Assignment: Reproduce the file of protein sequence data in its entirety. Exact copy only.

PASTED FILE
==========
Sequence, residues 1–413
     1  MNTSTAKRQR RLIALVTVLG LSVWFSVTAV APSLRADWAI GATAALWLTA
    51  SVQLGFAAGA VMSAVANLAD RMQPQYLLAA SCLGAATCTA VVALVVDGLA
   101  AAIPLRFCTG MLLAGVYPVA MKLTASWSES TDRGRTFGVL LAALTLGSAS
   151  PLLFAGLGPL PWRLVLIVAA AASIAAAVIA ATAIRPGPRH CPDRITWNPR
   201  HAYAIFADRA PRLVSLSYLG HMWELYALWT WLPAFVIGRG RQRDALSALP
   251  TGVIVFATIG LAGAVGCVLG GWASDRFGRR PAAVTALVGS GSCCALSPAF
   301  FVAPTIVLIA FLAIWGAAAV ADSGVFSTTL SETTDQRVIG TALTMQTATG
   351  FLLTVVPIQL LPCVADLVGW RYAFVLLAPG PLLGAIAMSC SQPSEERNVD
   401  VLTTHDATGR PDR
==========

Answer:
Sequence, residues 1–413
     1  MNTSTAKRQR RLIALVTVLG LSVWFSVTAV APSLRADWAI GATAALWLTA
    51  SVQLGFAAGA VMSAVANLAD RMQPQYLLAA SCLGAATCTA VVALVVDGLA
   101  AAIPLRFCTG MLLAGVYPVA MKLTASWSES TDRGRTFGVL LAALTLGSAS
   151  PLLFAGLGPL PWRLVLIVAA AASIAAAVIA ATAIRPGPRH CPDRITWNPR
   201  HAYAIFADRA PRLVSLSYLG HMWELYALWT WLPAFVIGRG RQRDALSALP
   251  TGVIVFATIG LAGAVGCVLG GWASDRFGRR PAAVTALVGS GSCCALSPAF
   301  FVAPTIVLIA FLAIWGAAAV ADSGVFSTTL SETTDQRVIG TALTMQTATG
   351  FLLTVVPIQL LPCVADLVGW RYAFVLLAPG PLLGAIAMSC SQPSEERNVD
   401  VLTTHDATGR PDR